Observations from a recent trip to Sth East Asia

At the beginning of March, a mate of mine and I headed off to Asia to look at the “Destiny Rescue” projects we had raised money for. I also took the opportunity to conduct some business and hold some key meetings in Singapore. Below are some of my observations:

  • Corruption is so widespread in Asia, we are lucky to live and work in the country and business environment we do. While our system is not perfect, it is substantially better than in some areas of the world.
  • The poverty in some areas was head spinning.
  • There are so many more important issues to deal with than those we see on our nightly news, TV screens and those that our politicians want to discuss. For example, I can’t believe the Victorian government is wasting time, energy and money on gender equalling walk signs. Really!!!, is that the most important issue we have ATM?
  • The Hilton Singapore has THE best breakfast I have every experienced. I generally don’t like hotel breakfasts, they are cold despite the kerosene heated bain-mares.
  • The level of success and work competed by the team from Destiny Rescue in Cambodia blew me away. Robert Webber has done an outstanding job in his time as country manager. Also a big Thank You again to Jeremy Sargent who was the GM Breville Australia when he made the decision to donate a large range of kitchen appliances to Destiny Rescue.
  • I was very impressed by the enterprise of the people in Asia. While it is mostly driven by necessity, it is still very impressive. Every house I saw in the country Cambodia had a stall or shop of some sort selling something. There is no doubt the fact there is no social safety net available contributes to this. Australia could do with a little more enterprise spirit demonstrated by they Khmer.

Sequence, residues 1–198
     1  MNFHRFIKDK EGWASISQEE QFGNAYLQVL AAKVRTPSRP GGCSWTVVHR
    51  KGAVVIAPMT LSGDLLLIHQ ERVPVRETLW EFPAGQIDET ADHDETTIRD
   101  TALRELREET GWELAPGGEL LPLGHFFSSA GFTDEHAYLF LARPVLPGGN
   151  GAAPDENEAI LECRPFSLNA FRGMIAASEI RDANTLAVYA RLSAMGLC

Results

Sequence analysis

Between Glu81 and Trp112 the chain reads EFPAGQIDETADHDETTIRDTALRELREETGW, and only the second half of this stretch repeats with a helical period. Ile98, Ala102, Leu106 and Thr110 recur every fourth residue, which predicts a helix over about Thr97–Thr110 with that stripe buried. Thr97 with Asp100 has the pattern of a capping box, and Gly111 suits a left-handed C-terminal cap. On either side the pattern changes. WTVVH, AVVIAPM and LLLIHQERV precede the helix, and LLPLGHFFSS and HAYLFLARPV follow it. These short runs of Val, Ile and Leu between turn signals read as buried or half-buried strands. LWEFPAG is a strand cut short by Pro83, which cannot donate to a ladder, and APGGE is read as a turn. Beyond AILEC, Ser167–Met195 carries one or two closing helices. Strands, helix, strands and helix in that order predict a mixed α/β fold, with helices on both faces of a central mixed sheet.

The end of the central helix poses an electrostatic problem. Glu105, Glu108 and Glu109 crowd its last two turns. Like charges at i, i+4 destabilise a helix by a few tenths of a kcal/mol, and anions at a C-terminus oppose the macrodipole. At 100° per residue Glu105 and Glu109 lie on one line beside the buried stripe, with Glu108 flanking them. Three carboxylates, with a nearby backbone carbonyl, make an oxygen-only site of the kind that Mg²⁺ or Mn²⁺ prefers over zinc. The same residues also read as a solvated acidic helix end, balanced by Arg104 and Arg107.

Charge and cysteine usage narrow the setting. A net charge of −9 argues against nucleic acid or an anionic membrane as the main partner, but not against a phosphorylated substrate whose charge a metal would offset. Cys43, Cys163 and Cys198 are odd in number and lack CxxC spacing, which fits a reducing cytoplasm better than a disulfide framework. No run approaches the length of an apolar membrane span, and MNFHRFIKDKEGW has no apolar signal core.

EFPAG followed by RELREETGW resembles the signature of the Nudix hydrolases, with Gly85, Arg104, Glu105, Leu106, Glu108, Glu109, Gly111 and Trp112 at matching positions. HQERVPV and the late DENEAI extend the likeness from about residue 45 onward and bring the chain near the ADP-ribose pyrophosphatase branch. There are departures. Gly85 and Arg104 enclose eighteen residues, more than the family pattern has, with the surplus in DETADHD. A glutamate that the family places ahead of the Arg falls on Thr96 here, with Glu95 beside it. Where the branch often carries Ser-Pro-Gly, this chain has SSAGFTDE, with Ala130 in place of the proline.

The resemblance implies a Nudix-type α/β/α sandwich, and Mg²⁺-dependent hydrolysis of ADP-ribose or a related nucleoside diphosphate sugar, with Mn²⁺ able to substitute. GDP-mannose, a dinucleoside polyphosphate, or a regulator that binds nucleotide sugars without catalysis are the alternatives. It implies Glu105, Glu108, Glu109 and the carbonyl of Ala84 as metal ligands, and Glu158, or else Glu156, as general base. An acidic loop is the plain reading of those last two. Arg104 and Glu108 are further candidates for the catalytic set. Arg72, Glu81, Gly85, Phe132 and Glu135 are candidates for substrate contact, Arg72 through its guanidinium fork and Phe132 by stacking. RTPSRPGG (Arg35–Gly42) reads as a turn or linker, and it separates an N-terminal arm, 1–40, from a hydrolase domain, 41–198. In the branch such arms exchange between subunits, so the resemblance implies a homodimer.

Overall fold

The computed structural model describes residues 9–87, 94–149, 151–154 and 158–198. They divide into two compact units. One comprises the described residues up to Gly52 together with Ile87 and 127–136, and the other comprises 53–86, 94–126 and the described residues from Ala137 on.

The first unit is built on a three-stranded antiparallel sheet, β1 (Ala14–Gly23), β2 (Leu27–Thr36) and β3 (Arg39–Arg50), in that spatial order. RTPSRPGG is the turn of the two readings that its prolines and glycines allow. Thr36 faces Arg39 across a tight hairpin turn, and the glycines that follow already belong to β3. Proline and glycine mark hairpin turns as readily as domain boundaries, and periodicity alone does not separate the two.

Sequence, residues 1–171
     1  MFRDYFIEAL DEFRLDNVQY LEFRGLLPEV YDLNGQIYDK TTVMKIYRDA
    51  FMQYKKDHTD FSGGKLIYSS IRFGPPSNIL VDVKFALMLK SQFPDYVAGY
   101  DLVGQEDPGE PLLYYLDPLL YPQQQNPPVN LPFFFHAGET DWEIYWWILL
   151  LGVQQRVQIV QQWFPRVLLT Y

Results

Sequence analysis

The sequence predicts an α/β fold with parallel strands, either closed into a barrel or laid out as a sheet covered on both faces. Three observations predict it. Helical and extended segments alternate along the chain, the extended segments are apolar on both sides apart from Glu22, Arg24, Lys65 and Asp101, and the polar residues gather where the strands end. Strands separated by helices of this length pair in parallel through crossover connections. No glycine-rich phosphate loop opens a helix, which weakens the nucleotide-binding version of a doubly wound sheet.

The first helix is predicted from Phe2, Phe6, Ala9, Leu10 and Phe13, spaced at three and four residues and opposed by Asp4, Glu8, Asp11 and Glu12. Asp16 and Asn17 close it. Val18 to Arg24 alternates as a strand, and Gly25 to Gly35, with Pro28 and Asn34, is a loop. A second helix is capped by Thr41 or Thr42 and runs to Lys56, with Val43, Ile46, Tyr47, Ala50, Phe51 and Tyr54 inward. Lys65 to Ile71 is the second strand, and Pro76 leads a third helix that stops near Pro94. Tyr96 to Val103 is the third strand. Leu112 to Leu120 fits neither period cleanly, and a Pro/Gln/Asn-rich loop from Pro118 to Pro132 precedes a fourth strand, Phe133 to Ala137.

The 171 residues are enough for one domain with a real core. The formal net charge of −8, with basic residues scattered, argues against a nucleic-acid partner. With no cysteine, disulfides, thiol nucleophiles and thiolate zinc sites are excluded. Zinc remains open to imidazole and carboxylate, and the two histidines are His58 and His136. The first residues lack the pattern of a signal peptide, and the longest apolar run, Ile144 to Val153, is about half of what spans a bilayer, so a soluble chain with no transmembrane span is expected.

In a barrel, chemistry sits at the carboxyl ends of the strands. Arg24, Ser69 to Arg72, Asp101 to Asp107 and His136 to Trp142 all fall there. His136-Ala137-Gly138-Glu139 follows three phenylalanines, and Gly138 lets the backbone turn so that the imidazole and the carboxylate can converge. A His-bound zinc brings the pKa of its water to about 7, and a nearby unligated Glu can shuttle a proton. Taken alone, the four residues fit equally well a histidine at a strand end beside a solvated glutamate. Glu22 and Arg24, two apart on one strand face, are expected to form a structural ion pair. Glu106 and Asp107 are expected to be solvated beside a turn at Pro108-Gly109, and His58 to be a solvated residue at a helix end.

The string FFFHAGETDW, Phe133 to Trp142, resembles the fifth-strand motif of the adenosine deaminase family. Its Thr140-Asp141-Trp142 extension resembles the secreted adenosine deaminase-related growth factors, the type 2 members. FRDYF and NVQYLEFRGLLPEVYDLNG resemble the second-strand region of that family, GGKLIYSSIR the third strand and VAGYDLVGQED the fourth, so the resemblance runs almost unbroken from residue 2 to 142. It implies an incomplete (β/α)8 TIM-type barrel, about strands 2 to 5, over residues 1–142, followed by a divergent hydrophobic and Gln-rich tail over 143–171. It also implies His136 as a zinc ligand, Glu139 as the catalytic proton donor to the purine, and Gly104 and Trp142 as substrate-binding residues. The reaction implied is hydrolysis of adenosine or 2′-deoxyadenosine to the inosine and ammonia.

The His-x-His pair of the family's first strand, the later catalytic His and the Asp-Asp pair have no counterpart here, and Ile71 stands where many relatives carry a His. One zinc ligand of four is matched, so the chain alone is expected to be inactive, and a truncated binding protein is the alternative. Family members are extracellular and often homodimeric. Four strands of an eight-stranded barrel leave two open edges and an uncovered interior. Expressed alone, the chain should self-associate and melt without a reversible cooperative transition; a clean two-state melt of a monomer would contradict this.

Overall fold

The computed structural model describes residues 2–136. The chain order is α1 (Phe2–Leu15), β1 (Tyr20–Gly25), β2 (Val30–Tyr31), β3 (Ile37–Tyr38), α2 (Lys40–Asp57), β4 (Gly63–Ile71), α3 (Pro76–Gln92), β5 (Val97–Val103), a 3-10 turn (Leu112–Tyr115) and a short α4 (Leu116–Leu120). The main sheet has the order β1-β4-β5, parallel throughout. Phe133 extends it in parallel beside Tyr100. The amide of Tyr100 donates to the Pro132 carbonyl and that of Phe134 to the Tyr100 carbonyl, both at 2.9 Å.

• There doesn’t appear to be any depression in these countries. No one goes to their shrink here. Perhaps people like Grant Hackett could do with a little of the Khmer spirit—maybe it would help him deal with his demons.
  • Decent coffee is hard to find. However, the Arabica bean isn’t the only bean with flavour.
  • How wonderful the weather in Asia can be. I was expecting a stifling hot, humid and rainy trip. But we had fantastic weather. Early March is a great time to visit.
  • I was reminded how unfair the world can be. Many people strive for equality in this country when the reality is we can strive for equality of opportunity but not status.
  • I was reminded how far behind the rest of the world the Australian Tax system is. I saw that I could purchase a bottle of Bundy rum substantially cheaper overseas than I could in my home city—and I don’t mean from a duty-free store. I mean in a retail supermarket. If the Government doesn’t do something about our tax system soon, there will be a massive exodus of talent from Aust. This would be disastrous for the country.
  • This notion of opportunities outside of Aust seems to go in waves, I recall my father considering this when I was young. An old idea’s time may be approaching again.
  • I learnt that you don’t have to be a Microsft Dynamics 365 user to leverage the Azure capabilities of machine learning. This opens the door for a number of other ERP systems to compete without having to build their own capability.

I sincerely hope you gain some insights from my observations.

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David Ogilvie

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About David
Experienced independent business consultant with a speciality in ERP to manufacturing, warehousing and distribution businesses in Australia, New Zealand and the United States, with a turnover of $20 million+.
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